The Twelve were busy doing the Lord’s work.  Jesus himself had sent them out to the surrounding towns.  He told them what to proclaim, what to do if people received their message, what to do if their message was rejected, and he even gave them power to perform miracles that would back up their message.  Now they came back to report their activities.  They had been busy feeding others with the spiritual nourishment of the gospel – so busy, in fact, that they were lacking physical nourishment and maybe even their own spiritual nourishment.  Mark doesn’t mention that point specifically, but seldom was the occasion when Jesus was alone with his disciples that he did not teach them important truths about God’s kingdom of grace.  Yes, Jesus wanted his disciples to get some physical rest and nourishment, but if they were going to continue feeding other people’s souls with the gospel, they needed the gospel’s sustenance just as much as the people to whom they were bringing the gospel.

Every time I head back to my hometown, we inevitably drive through the downtown a couple of times.  In my hometown’s downtown, there is a church of another denomination that has a sign in the front yard that I’ve never liked.  The sign advertises one of their worship services which only lasts 45 minutes.  It’s bad enough that in some places pastors get the evil eye when they go over 60 minutes!  I wonder what will eventually happen in churches that give in and create the 45-minute service.  Will someone eventually complain that that’s too long and we need a 30-minute service?  We can think of a hundred other things to do that make it “necessary” to shorten up our time in God’s house.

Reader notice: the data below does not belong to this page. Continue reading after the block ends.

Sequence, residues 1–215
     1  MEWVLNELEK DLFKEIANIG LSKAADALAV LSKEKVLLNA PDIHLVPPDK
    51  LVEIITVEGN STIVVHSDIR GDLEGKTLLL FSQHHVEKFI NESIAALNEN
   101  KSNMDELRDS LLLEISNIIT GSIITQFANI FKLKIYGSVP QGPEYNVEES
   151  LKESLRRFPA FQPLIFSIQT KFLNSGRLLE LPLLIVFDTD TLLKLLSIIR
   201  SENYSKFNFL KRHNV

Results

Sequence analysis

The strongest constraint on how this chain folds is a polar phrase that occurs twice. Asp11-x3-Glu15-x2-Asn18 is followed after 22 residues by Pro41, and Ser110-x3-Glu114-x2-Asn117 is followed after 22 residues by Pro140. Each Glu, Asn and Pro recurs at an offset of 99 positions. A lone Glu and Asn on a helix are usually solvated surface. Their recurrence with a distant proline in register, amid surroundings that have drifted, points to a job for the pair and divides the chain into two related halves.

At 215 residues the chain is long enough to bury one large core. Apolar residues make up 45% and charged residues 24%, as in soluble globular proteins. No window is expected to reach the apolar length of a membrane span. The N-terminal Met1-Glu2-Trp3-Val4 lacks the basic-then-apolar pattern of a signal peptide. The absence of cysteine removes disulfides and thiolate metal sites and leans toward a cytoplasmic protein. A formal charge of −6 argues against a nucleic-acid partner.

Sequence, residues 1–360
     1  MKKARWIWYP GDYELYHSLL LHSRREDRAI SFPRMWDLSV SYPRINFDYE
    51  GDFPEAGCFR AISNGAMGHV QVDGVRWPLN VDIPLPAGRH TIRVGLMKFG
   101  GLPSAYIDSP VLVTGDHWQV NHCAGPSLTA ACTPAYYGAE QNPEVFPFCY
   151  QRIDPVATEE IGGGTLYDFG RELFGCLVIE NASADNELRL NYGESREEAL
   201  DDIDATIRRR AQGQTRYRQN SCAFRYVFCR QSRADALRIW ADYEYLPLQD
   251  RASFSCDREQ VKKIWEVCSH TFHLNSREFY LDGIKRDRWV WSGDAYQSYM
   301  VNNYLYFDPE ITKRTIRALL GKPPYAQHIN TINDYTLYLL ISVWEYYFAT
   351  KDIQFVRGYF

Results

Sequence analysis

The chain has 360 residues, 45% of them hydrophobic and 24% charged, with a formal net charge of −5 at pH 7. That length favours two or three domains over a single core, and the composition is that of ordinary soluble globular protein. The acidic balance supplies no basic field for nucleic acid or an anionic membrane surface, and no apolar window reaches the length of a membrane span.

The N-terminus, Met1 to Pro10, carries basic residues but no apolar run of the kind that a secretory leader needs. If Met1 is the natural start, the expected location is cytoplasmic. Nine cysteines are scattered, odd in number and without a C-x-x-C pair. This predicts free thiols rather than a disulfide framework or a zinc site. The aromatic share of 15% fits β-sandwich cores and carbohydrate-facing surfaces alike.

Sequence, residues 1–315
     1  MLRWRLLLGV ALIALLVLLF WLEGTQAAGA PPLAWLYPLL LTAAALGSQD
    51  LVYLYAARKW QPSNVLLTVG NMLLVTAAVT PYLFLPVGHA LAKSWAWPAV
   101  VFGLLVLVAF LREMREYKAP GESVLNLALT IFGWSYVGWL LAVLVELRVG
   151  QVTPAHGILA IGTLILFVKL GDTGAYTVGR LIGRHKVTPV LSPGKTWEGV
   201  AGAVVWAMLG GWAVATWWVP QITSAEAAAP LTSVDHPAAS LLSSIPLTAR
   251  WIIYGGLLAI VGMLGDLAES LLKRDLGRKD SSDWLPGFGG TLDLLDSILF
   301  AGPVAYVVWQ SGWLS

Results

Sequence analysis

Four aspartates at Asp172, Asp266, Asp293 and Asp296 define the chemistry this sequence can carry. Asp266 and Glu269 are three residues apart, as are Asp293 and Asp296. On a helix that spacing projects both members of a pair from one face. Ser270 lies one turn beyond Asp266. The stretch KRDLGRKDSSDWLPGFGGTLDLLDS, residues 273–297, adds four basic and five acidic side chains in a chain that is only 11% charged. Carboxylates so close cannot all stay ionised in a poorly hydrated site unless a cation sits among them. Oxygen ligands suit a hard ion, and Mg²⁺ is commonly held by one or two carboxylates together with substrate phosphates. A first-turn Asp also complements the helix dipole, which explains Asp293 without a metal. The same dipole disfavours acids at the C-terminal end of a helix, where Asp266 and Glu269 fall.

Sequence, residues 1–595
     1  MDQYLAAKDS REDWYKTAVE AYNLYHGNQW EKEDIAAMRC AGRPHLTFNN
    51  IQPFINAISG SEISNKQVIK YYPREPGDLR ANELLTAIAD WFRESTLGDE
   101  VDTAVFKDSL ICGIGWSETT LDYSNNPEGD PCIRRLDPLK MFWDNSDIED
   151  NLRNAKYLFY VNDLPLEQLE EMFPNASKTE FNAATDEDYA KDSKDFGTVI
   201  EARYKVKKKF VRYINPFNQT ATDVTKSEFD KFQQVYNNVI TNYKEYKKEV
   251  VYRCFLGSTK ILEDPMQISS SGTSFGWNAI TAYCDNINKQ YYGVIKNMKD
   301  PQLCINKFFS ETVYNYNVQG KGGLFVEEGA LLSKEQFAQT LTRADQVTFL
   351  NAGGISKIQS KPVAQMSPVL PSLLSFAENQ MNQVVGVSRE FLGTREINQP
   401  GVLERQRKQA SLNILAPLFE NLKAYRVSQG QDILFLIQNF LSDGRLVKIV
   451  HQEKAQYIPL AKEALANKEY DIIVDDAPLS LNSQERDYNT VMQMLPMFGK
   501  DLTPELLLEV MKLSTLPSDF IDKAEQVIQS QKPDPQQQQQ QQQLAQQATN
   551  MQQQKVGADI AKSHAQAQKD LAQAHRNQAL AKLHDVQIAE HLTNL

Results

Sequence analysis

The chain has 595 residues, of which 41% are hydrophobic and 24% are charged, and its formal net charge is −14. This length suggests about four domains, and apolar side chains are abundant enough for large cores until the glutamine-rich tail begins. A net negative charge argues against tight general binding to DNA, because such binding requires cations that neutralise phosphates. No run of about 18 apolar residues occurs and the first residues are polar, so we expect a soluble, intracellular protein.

But spiritual nourishment doesn’t come to us like fast food.  There is a larger problem than busy schedules.  When time in God’s Word and at God’s house becomes more and more sparse, our real problem is not a time problem.  Our real problem is a First Commandment problem.  Our real problem is that the old sinful Adam and Eve are still shackled to us, leading us to move our Lord further and further down the list of priorities.  In fact, our sinful nature causes more than just spiritual scheduling conflicts.  Our sinful nature is the same part of us that causes plenty of other outward sin – dishonoring others with gossiping mouths, disgracing our minds with lustful thoughts, and denigrating our Lord with pumped-up personal pride.  But there you have the spiritual fast food diet – placing God further and further out of our busy lives and hoping that a passing thought here and a little God talk there will keep our faith fully fueled.

On our own, our souls would starve from lack of nourishment and die from sin’s venomous bite.  We need a divine solution, a heavenly answer, and in our Savior’s Word we find out that our God has in fact provided that answer.

Whether or not the crowd knew it, when they followed Jesus they had come to the right place.  My guess is that most of the crowd didn’t fully realize what they had found in Jesus.  In future Sundays, as we follow the events after this account, we will see that many people who were excited about Jesus at this point didn’t stay that way for long.  But for now they had come to the man who could offer true spiritual nourishment.  “Many who saw them leaving recognized them and ran on foot from all the towns and got there ahead of them.  When Jesus landed and saw a large crowd, he had compassion on them, because they were like sheep without a shepherd. So he began teaching them many things.”